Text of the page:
Tales of Piers and Perceval: Piers Plowman and the Grail Romances
This essay compares PPl with the thirteenth-century French Queste del Saint Graal and the Perlesvaus. It makes a case for the availability of both Old French texts in south-west England in the fourteenth century. It identifies in PPl B.17–18 a number of local iconographical parallels with the grail romances, but also argues that the grail romances provide analogies for several of the large narrative structures of L’s poem. In all three texts, theology is given a new urgency by being situated within the enigmatic narratives of aventure; the discovery of understanding is formulated in terms of questions and usually uncertain ‘news’, transmitted across a spiritual landscape; these texts contain many absent objects of desire, quests and seekers, and their often absent heroes (Galahad, Perceval, and Piers) are themselves objects of desire, sought by others. Finally, these texts are all preoccupied with failure, and in them multiple instances of failure contribute to the inculcation of desire, both for the protagonists and for the reader. The essay argues that if L had read these romances, he may have learned a number of things from them; however, his highly interventionist modes of composition mean that they are not so much sources as a rich body of materials with which he was in dialogue. The essay claims that, whether or not he had read them, the comparison casts light on a number of distinctive features of PPl. (NZ)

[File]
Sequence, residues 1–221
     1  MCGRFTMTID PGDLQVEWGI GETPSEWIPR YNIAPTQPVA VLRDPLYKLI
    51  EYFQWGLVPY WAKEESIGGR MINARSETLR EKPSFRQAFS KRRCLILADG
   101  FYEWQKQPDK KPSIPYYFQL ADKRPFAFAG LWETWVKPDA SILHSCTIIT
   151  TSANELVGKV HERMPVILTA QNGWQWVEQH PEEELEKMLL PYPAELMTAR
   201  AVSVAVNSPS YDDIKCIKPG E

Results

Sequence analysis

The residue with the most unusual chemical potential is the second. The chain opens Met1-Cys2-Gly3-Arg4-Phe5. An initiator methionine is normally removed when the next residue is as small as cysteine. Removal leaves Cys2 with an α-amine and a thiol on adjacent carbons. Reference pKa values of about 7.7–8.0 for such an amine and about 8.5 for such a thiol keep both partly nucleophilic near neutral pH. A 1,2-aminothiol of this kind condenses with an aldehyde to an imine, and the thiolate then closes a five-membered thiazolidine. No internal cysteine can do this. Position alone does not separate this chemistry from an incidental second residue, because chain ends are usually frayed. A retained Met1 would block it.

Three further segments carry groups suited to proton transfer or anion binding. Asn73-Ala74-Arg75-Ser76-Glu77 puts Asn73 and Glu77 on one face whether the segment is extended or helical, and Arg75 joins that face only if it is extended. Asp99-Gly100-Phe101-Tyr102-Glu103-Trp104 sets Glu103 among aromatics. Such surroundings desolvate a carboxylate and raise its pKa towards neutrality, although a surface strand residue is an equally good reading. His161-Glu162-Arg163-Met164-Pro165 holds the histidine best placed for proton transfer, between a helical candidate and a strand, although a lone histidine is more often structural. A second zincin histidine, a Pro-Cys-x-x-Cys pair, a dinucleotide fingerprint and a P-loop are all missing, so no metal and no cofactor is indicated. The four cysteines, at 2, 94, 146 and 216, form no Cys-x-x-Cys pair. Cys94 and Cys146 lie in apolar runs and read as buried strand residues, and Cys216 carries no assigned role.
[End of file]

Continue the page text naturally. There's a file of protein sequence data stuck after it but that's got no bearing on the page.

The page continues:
YLS, 22 (2008), 199–236.